How Managers of Millennials Can Make A Big Impression

Think you can’t take a day off?

If you’re under the age of 35, you’re not alone. Millennials, the group born between 1981-1997, are the most likely generation to forfeit time off, even though they earn the least amount of vacation days.

Dan SchawbelNew York Times bestselling author, Fortune 500 consultant, career and workplace expert, and a featured speaker at this year’s Upside of Downtime Forum — knows exactly what that’s like.

“I rarely took vacation between the ages of 22 and 28 years old because I was working over one hundred hours a week building two companies, writing two books, managing two blogs and a magazine, writing a few thousand articles, speaking over a hundred times and conducting three dozen research studies,” Schawbel admits.

Over time, Schawbel realized that, like many of his peers, he was helping propagate a major Millennial myth: a prevalence of work martyrdom — or as he calls it, “a weakness disguised as a strength.”

“There is more pressure on Millennials to compete for the best jobs, and then do it again and again, so it’s hard for them to take vacation days,” Schawbel explains. The data proves Schawbel’s point. The 35 percent of Millennials who strive to be a work martyr most acutely feel the same pressures to prioritize working hours. In fact, our Work Martyr’s Cautionary Tale report concluded that twice as many Millennials (16%) say they feel disapproval from management about taking vacation than Baby Boomer colleagues (8%).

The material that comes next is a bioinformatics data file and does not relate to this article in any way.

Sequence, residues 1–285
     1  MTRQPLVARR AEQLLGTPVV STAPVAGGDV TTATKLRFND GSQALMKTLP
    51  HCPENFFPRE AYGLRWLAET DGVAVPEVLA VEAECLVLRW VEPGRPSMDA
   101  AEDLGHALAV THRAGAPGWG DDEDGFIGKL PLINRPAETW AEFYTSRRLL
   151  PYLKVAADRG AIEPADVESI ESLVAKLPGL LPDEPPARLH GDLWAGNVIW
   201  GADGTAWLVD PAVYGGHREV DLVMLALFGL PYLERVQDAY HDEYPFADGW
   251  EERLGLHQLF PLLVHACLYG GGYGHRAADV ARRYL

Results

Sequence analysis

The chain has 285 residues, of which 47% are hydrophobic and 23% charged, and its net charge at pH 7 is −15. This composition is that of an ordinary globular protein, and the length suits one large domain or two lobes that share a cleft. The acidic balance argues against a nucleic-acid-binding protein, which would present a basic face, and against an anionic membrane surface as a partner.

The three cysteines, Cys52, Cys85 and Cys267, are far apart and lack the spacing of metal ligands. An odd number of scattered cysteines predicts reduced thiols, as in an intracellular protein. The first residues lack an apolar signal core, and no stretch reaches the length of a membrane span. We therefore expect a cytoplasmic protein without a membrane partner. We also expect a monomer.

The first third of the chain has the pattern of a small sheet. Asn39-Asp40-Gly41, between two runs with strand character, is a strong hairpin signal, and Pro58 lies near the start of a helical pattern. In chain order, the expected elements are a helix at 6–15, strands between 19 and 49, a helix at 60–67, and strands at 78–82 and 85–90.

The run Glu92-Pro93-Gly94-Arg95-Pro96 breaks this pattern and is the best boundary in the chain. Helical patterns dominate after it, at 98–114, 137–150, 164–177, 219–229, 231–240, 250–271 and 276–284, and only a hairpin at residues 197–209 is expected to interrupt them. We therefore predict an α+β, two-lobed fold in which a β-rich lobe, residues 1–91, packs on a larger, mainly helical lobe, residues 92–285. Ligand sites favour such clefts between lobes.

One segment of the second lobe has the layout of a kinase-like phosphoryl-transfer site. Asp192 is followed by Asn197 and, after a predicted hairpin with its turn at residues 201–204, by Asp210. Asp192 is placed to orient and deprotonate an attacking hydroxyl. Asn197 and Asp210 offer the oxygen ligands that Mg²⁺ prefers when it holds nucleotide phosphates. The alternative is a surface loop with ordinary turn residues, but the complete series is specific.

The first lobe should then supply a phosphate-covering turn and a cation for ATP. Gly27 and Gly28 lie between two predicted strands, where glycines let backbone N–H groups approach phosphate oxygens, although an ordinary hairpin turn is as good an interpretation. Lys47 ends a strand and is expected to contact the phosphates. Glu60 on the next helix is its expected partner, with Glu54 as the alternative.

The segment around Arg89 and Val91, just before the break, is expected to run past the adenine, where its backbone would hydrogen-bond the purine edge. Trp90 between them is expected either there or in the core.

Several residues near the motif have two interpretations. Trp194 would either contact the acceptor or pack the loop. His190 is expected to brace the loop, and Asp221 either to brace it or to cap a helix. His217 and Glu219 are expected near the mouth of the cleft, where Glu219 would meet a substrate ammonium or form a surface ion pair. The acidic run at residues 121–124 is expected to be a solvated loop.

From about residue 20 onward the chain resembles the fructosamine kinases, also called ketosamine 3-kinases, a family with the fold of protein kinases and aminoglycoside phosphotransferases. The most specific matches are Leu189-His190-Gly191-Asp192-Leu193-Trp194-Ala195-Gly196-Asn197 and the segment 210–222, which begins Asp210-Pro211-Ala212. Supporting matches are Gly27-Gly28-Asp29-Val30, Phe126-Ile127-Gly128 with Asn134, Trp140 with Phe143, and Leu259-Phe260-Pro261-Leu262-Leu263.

“It may appear that an employee is doing the best work they can, but it actually inhibits their ability to deliver results,” Schawbel says, adding that while personal responsibility is important in fixing this breach in work-life balance, it’s the role of leaders like him to set the right example.

“Companies should have a role in pushing Millennials who appear burned out to take some time off and to create a culture that allows for flexible vacations,” he notes, adding that managers who ignore the problem are likely to experience a significant cost to talent recruitment and retainment.

“It’s less on the employees and more on the company leaders to mandate vacation time and have managers encourage it,” Schawbel says.

How’s that work out? Just ask Schawbel.

Over the past several years, I’ve prioritized vacation,” he says. “I actually put in fewer hours now and have learned to integrate work and play wherever I go because it feels like the natural solution to my busy life.”

Want to hear more from Dan? He’ll be joining several experts in speaking at this year’s Upside of Downtime Forum on October 5 in Washington, D.C. Register today!



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